(The Center Square) – The Washington State Building Code Council has voted to mandate heat pumps in all new residential construction starting in July.
In April, the council voted to require that new commercial and multi-family construction be outfitted with all-electric space heating and hot water systems.
A heat pump is a device that primarily uses electricity to take heat from one source and move it to another location. A heat pump can be used to heat or cool a structure.
Following months of contentious public testimony on the proposed change, the SBCC voted 9-5 on Friday for the residential heat pump requirement as part of carbon reduction efforts mandated by state law.
Gov. Jay Inslee, whose signature issue is combating climate change, has pushed for the heat pump requirement to reduce emissions and increase energy efficiency.
The SBCC has claimed heat pumps are two to four times more efficient than oil, gas, or electric resistance heating, and can save consumers more than $3,000 in initial costs and almost $11,000 over the lifecycle of the equipment.
The move to mandate heat pumps in new homes is not without its critics.
Andrea Smith, policy and research manager in government affairs for the Building Industry Association of Washington, characterized the decision as a “de facto ban on natural gas” that doesn’t live up to the optimistic appraisal of proponents.
“If a new home or new housing development doesn’t use gas for primary space heating, bringing in gas lines just for cooking, backup heating, and decorative fireplaces will be too cost prohibitive,” she explained in an email to The Center Square.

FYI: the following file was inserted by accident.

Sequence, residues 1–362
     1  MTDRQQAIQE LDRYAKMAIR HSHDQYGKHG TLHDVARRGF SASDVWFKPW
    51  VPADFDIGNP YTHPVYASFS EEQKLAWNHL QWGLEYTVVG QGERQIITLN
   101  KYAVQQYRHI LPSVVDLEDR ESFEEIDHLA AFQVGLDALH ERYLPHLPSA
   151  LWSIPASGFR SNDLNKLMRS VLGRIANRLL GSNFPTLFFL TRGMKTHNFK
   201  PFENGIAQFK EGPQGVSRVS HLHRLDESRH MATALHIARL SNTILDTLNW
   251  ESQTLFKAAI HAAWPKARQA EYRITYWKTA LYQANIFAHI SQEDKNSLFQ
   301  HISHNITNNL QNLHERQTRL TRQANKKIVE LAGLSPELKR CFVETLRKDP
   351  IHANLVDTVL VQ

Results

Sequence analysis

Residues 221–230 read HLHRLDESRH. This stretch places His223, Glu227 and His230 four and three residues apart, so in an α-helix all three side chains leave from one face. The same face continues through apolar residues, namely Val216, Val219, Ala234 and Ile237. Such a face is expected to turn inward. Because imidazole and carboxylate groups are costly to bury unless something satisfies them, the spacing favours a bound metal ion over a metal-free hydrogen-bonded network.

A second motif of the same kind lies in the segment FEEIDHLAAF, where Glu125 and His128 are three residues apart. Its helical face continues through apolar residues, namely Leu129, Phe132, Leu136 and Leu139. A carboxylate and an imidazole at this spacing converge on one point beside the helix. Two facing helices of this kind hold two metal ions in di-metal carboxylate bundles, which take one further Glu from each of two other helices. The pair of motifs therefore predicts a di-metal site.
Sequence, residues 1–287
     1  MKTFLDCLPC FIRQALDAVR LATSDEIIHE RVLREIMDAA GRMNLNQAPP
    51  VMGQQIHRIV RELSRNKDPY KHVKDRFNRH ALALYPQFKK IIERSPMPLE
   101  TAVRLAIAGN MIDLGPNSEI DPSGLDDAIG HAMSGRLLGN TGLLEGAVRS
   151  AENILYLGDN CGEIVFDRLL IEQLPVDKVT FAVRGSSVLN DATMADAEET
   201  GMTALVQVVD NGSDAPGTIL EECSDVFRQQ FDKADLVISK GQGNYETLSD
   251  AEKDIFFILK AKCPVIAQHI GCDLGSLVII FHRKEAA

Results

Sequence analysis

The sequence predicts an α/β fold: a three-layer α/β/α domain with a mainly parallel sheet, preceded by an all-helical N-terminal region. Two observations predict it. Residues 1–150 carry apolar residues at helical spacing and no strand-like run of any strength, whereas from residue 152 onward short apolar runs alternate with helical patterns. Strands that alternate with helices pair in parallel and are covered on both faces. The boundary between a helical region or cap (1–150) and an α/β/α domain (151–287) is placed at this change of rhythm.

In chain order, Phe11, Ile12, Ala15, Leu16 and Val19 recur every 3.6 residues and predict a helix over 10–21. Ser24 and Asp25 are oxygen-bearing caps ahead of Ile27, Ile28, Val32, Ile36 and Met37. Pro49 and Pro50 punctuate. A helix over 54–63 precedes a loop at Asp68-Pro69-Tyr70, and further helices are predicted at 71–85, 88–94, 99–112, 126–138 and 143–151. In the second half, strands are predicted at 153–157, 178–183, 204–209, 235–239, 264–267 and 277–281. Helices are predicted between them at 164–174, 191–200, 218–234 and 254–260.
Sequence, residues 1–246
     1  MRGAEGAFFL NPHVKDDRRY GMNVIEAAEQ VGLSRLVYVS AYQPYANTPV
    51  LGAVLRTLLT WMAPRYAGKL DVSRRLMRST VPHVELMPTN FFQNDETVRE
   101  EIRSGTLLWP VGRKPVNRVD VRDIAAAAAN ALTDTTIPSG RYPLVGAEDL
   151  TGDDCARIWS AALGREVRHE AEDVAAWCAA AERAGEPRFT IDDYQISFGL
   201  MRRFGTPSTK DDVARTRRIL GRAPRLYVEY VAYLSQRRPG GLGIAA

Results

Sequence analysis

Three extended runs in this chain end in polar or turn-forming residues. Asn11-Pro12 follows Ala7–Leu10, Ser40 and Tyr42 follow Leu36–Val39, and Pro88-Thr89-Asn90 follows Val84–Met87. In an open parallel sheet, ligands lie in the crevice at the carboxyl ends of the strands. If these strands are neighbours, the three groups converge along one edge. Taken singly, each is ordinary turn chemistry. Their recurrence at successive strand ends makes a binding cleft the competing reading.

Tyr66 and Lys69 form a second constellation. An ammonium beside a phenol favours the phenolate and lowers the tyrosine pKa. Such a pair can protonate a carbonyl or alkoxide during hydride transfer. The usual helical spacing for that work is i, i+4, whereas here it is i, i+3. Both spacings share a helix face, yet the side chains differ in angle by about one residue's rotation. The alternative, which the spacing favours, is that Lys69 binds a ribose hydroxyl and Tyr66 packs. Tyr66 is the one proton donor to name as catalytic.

Smith continued, “The code also applies to system upgrades. As an example, if you have a 40,000 BTU gas furnace but wanted to upgrade to a 60,000 BTU gas furnace after July 1, 2023, you’d be forced to install a heat pump.”
That translates into more expensive housing, she said.
“It’s true that the mandate allows natural gas to be used as a backup power source but that comes with an increase in costs to the homeowner,” Smith noted. “We estimate this will add a minimum of $2,400 upfront to homes that choose to add supplementary heat either out of personal choice or necessity due to climate zone.”
She also brought up supply chain issues that are increasing the cost of heat pumps, as well as the Inflation Reduction Act passed by Congress and new state regulations.
“With a current shortage on heat pump units and their components, a change in refrigerant standards for heat pumps, the recent passage of the Inflation Reduction Act, and California imposing a similar mandate for 2023, we predict anything but a seamless transition for the upcoming code implementation,” Smith said.
State Sen. Lynda Wilson, R-Vancouver, a non-voting member of the SBCC, thinks the decision should be made by legislators.
“The governor and some of his appointees on the council can choose to hate fossil fuels, but they can’t force that choice on Washington residents through the building code,” she said via email. “No statute authorizes the SBCC to remove or restrict natural gas as an energy source for space or water heating in new homes. “
She went on to say that “far more public comments opposed a heat-pump mandate than supported it, for good reason: higher up-front costs that make housing less affordable, the potential for brownouts and blackouts due to grid-capacity questions, and the prospect of higher ongoing energy bills for residents.”
During Friday’s meeting, she made an effort to have the heat pump requirement removed from then new adopted building codes, in part, saying it would drive up the cost of building new homes.
Wilson expressed her displeasure on social media during the meeting.
“I’m 5 hours into a Building Code Council meeting,” she tweeted. “Common sense and caring what the public thinks is non-existent.”
The SBCC’s approval of the rule starts a process of writing a final rule, which is scheduled to be complete in mid-January.